College application season is here! That means that applying for financial aid is also here! When you are applying for financial aid, you will either apply for FAFSA or the California Dream Act! So you may be wondering, what is the difference between FAFSA and the CA Dream Act? They both help pay for your college education, but they are two separate applications. Keep reading to find out all the ins and outs of CA Dream Act!
Background and Eligibility
Q1. What is the California Dream Act?
The California Dream Act allows undocumented and nonresident students (U.S. Citizens and eligible non-citizens) who qualify for a non-resident exemption under Assembly Bill 540 (AB 540) to receive certain types of financial aid such as: private scholarships funded through public universities, state administered financial aid, university grants, community college fee waivers, and Cal Grants. In addition, the California Dream Act, allows eligible students to pay in-state tuition at any public college in California.
Q2. Who can apply for the California Dream Act?
Students who live in California and meet the eligibility requirements for a non-resident exemption, as well as students who have a U Visa or TPS status, can use the California Dream Act application (CADAA). Similarly, students without Social Security Numbers or students who have lost DACA status (or never applied for DACA), may still be eligible. The full language of the law and eligibility requirements is stated in CA Education Code 68130.5
Q3. What is the difference between the FAFSA and the California Dream Act application?
Students should only complete one of the applications (not both), according to the citizenship requirements below:
- You are eligible to complete the FAFSA at www.fafsa.ed.gov if you are a:
- U.S Citizen
- Permanent Resident
- Eligible non-citizen
- T Visa holder
- You are eligible to complete the CADAA at https://dream.csac.ca.gov/ if you are:
- Have a valid or expired DACA
- U Visa holders
- Have Temporary Protected Status (TPS) 2 | Page Revised 09/19
- Meet the non-resident exemption requirements under AB 540
Note: If you have further questions, including how to ensure you are completing the correct financial aid application, you can visit the Immigrants Rising website and review the document titled, “FAFSA VS CA Dream Act: Apply to the Correct Financial Aid,” at https://immigrantsrising.org/resource/fafsa-vs-ca-dream-act-apply-to-the-correct-financial-aid-in-ca/
Q4. What are the non-resident exemption requirements under AB 540?
Students must meet all four (4) requirements to be eligible:
- Time and coursework requirements
- High school attendance in California for three or more years, OR
- Attainment of credits earned in California from a California high school equivalent to three or more years of full-time high school coursework and a total of three or more years of attendance in California elementary schools, California secondary schools, or a combination of those schools. OR
- Attainment of credits earned at a California adult school, OR
- Credits earned at a California Community College, OR
- A combination of the schools listed above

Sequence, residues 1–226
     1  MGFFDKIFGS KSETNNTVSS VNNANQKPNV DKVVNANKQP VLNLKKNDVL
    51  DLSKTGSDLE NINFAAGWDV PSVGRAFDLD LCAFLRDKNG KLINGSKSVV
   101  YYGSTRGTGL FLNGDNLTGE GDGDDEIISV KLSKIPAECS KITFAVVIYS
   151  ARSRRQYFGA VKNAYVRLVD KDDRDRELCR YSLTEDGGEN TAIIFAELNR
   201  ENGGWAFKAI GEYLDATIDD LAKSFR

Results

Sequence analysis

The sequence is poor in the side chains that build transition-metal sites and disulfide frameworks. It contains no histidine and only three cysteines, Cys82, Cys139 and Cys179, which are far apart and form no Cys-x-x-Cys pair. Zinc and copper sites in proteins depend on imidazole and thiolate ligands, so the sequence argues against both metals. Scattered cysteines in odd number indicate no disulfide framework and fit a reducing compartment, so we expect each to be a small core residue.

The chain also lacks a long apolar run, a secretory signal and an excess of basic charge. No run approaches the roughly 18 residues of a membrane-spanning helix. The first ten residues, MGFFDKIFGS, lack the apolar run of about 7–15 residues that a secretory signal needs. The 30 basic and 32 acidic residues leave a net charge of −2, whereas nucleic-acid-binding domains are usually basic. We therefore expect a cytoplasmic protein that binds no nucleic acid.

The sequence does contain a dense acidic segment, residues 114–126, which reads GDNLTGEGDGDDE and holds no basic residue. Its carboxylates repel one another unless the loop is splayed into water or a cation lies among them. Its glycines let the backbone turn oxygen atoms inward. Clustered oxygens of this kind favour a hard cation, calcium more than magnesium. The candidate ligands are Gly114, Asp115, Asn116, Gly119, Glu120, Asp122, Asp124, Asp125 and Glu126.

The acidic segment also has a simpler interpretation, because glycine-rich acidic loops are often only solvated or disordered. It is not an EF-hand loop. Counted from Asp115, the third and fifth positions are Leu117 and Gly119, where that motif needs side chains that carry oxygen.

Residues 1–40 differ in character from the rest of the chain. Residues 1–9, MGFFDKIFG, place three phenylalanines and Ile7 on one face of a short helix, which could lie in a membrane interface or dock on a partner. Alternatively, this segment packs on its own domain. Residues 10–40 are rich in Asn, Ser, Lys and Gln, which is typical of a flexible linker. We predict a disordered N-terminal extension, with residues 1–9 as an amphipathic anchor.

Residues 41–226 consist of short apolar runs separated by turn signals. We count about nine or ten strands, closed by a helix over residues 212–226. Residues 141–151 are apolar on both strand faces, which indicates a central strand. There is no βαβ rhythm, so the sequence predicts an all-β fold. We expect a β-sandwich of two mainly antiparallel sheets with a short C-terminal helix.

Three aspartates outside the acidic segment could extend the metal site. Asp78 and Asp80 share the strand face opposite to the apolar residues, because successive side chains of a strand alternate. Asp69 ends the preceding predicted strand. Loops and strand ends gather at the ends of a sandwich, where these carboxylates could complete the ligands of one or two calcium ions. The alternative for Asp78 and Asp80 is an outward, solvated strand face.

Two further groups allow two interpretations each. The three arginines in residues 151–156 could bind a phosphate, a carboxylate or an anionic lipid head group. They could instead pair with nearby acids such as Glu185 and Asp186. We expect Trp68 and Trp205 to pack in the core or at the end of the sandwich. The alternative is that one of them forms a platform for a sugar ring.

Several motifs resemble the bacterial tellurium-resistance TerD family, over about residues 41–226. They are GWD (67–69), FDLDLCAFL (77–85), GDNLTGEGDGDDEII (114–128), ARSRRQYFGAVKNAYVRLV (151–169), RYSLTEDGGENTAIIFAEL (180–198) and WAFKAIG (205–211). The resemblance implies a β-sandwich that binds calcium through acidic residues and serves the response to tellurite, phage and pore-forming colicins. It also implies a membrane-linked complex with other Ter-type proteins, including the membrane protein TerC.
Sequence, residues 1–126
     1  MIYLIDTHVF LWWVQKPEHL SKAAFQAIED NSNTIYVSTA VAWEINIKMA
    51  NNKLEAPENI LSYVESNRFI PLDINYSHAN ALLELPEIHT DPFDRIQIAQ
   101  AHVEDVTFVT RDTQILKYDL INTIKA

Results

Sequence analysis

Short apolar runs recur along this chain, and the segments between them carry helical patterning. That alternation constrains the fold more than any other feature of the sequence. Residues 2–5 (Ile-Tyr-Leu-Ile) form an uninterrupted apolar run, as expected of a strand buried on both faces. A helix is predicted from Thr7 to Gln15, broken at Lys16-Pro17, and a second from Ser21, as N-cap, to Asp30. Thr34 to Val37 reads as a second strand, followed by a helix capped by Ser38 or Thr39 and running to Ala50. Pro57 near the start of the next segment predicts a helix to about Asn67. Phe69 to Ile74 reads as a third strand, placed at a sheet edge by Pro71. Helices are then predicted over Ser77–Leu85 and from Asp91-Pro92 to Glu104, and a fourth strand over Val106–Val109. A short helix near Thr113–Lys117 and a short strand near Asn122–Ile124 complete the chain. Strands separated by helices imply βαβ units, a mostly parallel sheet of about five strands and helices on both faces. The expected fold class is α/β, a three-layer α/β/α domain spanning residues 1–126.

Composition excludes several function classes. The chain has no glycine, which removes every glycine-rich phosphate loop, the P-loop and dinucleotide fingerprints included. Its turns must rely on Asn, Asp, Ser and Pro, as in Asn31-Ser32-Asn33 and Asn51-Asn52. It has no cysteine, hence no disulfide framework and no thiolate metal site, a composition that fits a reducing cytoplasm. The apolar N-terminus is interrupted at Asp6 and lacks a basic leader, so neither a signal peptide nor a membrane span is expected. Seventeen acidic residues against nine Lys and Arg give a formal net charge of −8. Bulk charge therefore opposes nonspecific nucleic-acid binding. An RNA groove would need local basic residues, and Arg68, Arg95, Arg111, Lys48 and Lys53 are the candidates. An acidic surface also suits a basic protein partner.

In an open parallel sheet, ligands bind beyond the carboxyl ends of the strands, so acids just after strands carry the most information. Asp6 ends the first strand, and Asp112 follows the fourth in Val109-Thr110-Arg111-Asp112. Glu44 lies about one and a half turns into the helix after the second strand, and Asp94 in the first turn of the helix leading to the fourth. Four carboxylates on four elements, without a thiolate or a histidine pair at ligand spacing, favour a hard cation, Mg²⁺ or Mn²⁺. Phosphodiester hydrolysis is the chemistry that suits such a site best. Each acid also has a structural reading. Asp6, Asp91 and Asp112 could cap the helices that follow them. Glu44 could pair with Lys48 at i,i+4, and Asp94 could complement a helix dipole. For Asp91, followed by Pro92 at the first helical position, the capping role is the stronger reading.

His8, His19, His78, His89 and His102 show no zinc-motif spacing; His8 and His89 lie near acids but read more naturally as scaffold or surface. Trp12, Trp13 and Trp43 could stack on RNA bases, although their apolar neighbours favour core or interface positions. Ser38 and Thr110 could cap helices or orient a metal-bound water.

- Degree or unit requirements (completion of either of the following):
- Graduation from a California high school or the equivalent (GED, HiSET, TASC) •
- Attainment of an Associate degree from a California Community College
- Fulfillment of the minimum transfer requirements from a California Community College to a UC or CSU campus
- Register or enroll in an accredited and qualifying California college or university
For a list of Cal Grant eligible schools, please visit: https://webutil.csac.ca.gov/CalGrant_Inst/CalGrantInstSearch.aspx
- Submit a signed “Non-Resident Exemption” Request
Some schools will refer to this document as an “AB 540 affidavit.” This form states that you meet all the requirements to qualify for a non-resident exemption under AB 540 and, if you are undocumented, that you are in the process of legalizing your immigration status (or will do so as soon as you are eligible).
Please contact the Residency Deputy or the Admissions and Records office at your college for information on how to complete your non-resident exemption form and to determine if supporting documentation is needed. You should complete this form upon accepting an offer to attend a college in California and at least one semester or quarter before you are scheduled to start classes.
Q5. What should I do if I’ve already submitted a FAFSA before learning that I should have submitted a CADAA?
You must first complete the CADAA and then complete the “Application Conversion Form G-55” which can be obtained at: https://www.csac.ca.gov/post/application-conversion-form Please make a copy of this form for your records, send the original form (along with documentation to prove your identification) to the Commission and contact the financial aid office at the college you plan to attend to inform them of this error.
*For a full copy of of the California Dream Act FAQs for Students and Parents please go to this link: CA Dream Act FAQ
For a checklist of applying for the CA Dream Act go here: CA Dream Act and Cal Grant Checklist
For a checklist of applying for a Cal Grant through the CA Dream Act go here: CA Dream Act and Cal Grant Checklist
Sources: CSAC and Immigrants Rising